New SIS building dedicated in ceremony featuring NBC's David Gregory
On Thursday, more than 100 students, faculty, staff and alumni came together to celebrate the new School of International Service building.
The evening featured a program of remarks, followed by a variety of international foods and music. The speakers included Esther Benjamin, a 1992 graduate of SIS; William McDonough, the SIS building’s architect; Gary Abramson, chairman of the Board of Trustees; Neil Kerwin, president of AU; David Gregory, host of NBC’s “Meet the Press” and Dean of SIS Louis Goodman.
“We wanted to do our part, so the founders’ dream can be realized,” Goodman said. “Peace can be waged for all humanity and by all humanity.”
Multiple speakers at the ceremony hailed the new SIS building as a distinguished, green landmark in D.C.
Gregory, a 1992 graduate of SIS, described the building as a beacon of light designed to prepare students to be leaders in the world.
Kerwin said opening the new space is a way of “bringing AU to the world and the world to AU.” He said its purpose was to be a place for all of SIS to gather for “outstanding and provocative scholarship.”
The speakers said the SIS building is meant to reflect the school’s core values, including commitment to a just society, culture, community and academics.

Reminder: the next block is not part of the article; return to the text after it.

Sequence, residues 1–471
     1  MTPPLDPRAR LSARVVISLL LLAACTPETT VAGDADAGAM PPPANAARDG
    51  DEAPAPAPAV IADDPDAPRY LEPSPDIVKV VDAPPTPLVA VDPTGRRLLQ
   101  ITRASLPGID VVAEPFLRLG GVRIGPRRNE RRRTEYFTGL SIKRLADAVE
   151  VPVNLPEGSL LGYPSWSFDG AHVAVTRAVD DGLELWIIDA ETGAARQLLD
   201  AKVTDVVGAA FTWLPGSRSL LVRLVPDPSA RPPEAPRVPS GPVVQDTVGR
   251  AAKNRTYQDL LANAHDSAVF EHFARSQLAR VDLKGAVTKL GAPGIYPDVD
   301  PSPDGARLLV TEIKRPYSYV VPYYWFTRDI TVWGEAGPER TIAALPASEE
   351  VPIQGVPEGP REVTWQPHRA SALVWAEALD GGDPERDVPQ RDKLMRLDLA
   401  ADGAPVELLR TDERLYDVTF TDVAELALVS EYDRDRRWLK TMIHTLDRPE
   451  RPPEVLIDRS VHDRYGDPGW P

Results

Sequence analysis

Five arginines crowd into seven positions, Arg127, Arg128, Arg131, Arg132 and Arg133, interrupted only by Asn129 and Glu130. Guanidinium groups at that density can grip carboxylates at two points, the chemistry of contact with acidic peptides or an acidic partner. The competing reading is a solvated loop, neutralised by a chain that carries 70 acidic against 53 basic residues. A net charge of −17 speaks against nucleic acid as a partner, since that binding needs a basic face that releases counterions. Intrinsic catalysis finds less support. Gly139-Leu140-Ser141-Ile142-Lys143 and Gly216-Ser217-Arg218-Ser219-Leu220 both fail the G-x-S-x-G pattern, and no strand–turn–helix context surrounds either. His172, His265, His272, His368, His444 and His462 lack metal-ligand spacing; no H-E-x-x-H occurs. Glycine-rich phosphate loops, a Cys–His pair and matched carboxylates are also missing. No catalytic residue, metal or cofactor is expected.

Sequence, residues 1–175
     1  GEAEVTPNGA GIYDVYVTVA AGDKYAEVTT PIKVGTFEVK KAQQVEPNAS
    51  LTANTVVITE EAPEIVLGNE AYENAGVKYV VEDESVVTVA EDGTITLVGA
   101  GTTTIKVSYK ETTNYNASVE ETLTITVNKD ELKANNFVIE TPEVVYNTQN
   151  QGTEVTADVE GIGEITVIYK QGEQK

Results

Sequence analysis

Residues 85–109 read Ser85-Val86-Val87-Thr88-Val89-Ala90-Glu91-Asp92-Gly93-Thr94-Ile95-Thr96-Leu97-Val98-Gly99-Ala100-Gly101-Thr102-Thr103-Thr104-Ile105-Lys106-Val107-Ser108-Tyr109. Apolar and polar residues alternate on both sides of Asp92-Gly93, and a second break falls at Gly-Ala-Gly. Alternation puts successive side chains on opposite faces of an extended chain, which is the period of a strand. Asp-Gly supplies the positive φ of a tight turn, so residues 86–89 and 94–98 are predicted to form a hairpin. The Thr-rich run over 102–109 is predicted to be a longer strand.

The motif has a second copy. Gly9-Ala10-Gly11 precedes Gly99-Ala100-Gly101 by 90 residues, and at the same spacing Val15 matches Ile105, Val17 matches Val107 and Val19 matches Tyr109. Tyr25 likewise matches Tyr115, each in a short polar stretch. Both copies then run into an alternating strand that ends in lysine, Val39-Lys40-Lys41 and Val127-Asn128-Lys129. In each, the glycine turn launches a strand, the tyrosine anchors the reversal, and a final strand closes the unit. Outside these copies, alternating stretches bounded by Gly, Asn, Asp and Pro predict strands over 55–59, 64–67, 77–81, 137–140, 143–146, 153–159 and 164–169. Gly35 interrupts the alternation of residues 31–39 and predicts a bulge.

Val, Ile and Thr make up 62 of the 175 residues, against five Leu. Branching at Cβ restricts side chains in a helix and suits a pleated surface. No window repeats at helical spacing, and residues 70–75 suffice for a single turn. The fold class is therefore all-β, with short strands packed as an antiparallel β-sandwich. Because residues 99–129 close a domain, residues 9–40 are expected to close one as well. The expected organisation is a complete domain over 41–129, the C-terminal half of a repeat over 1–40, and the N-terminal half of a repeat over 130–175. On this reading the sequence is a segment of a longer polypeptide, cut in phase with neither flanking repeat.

McDonough emphasized the school’s commitment to the environment, its potential for growth and its sustainability as a path into the future.
“[The] materials of the building are designed for infinite use by humans,” he said. “The plan is here — you’re in it.”
Jeremy Cohen, a junior in SIS and president of its Undergraduate Council, said having a new home for the school has been well received by the majority of students.
“The best part about the building is having everyone in one place for the first time,” Cohen said. “That goes a long way towards fostering a sense of community and belonging.”
Cohen was one of the few students that attended the event.
“The thing that stood out the most to me as a student was that there are people that leave here and still care about the fact that they came from SIS,” he said. “It can extend to the rest of your life.”
Ground was broken, ribbons were cut and the space was dedicated — but what’s next for the School of International Service in its new home?
“We need to figure out how to use this building,” Goodman said. “It’s a work in progress … We’re always looking for ideas from students.”
Though Kerwin joked that “[the founders of AU] would be stunned by the variety of coffee in the Davenport Lounge,” he said that “they would say ‘Well done, but there is more work to do in the world — let’s get on with it.’”
five FACTS about the SIS facilities
• The “Inukshuk” sculpture in the building’s atrium is based on a native Canadian place-marker and represents community strength, leadership and motivation.
• Buckminster Fuller’s Dymaxion Map, which depicts Earth as one island in one ocean, is used as the frieze between the building’s second and third floors.
• Half of all SIS classes are held in the six classrooms in the building.
• The building holds 121 new offices, each with a window to minimize heating and cooling system usage.
• The parking garage has 292 spaces.